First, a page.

I think it's also linked to sort of the particular history of Asians' interactions with America. In the 19th century, there was trafficking in Chinese women to America. I think that that trafficking then fed stereotypes that all Asian women were sort of hyper-sexualized in this way.
The other thing that I think is really important to understand is that much of the violence and exploitation of Asian women has happened overseas. America's fought a series of wars in Asia, in the Philippines, in Korea, in Japan, Vietnam. In all of these places where there's been significant military presence, there's also been militarized prostitution. That means that, in fact, America has a long history of exploitation and violence against Asian women in those spaces as well.
Kai Wright: Perhaps to put too fine a point on it, but did you hear any of that when you heard the police officer say that the shooter in the Atlanta area was responding to his "sexual addiction"?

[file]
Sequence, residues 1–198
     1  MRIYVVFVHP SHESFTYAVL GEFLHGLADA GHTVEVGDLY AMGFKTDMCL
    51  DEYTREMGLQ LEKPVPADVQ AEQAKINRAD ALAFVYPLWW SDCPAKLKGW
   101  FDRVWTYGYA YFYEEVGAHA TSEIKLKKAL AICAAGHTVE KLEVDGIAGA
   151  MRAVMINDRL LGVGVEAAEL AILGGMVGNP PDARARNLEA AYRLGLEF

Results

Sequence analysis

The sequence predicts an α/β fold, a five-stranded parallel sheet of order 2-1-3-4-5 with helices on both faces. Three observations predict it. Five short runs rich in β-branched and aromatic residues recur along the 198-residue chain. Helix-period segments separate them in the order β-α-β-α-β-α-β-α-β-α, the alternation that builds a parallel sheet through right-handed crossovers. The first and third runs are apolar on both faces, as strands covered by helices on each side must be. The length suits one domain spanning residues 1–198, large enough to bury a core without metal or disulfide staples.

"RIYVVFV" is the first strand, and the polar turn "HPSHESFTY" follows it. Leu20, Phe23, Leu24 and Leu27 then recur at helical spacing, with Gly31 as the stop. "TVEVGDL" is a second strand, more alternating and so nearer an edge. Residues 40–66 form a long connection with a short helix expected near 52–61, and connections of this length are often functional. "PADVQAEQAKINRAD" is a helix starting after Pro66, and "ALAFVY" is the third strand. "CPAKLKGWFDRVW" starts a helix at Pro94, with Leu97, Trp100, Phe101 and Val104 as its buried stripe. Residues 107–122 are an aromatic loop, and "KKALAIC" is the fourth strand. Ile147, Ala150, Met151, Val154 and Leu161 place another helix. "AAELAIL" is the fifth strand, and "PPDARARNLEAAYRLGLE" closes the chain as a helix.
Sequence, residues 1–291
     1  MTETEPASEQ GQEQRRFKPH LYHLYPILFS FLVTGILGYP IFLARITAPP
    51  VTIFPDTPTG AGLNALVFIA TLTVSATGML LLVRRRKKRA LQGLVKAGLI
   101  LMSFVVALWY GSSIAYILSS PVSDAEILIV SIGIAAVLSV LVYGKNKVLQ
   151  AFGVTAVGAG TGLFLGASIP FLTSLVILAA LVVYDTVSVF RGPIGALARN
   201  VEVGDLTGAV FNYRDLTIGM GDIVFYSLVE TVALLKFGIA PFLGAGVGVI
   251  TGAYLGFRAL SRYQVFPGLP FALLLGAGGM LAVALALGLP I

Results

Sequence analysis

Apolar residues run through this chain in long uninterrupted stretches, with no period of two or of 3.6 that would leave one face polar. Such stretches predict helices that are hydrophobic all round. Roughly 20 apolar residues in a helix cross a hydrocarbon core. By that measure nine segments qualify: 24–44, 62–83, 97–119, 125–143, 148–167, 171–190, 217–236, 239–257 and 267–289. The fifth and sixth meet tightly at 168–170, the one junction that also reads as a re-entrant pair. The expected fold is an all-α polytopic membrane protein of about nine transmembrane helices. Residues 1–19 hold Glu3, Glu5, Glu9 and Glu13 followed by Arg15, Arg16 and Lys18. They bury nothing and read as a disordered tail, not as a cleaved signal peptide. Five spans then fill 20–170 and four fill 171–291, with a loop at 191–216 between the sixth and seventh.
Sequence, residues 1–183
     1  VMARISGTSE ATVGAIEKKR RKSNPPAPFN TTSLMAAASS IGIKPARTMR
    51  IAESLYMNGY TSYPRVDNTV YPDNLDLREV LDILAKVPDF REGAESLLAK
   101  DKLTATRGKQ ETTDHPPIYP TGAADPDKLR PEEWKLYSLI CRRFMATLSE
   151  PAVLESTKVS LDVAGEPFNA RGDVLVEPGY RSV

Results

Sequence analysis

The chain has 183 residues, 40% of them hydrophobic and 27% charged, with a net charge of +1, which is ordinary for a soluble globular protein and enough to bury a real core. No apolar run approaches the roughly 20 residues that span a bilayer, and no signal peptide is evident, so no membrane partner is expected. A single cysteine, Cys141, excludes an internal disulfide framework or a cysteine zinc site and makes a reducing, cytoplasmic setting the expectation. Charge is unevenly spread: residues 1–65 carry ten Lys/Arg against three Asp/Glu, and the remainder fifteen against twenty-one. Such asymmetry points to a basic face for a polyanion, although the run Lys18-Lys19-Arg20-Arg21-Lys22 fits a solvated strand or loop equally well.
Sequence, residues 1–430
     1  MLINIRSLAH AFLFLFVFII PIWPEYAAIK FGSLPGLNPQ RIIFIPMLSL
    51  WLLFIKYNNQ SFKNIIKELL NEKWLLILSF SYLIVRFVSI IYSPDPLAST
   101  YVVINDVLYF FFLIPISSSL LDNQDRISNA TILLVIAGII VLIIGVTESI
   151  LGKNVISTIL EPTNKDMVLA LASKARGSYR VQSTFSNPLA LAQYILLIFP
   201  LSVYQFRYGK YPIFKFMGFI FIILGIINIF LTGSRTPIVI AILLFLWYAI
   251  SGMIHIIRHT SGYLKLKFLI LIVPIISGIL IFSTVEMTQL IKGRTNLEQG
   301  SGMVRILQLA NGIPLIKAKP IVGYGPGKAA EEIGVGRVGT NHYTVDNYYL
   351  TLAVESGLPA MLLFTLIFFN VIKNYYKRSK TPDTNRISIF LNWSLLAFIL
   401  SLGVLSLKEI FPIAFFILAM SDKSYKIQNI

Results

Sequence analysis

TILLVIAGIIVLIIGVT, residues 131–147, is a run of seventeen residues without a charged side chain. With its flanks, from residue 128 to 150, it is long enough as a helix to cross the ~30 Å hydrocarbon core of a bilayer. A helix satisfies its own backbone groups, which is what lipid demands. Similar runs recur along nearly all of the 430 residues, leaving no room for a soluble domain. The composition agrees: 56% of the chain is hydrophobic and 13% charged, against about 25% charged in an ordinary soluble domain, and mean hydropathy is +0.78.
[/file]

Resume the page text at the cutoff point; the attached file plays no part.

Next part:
Beth Lew-Williams: Yes, I definitely did. I think that it's disturbing that the police are trying to draw a distinction against that misogyny and anti-Asian racism. These two things can't be taken apart because for women, for Asian and Asian American women, they've always been connected.
Kai Wright: Let's walk through a little bit of the history. Are there patterns that we can discern in terms of when we see these kinds of spikes in anti-Asian sentiment? For example, is it related to economic instability or disease outbreak? Are there any patterns you can point to?
Beth Lew-Williams: Yes, I think that because Asians have often been seen as marginal to American society, they're seen as outsiders. For that reason, they've made easy scapegoats during times of heightened anxiety over many different things. For example, heightened anxiety about economic inequality and unemployment in the 1870s and 1880s meant a large amount of violence against the Chinese. We also see it not just around economics, but previously around disease.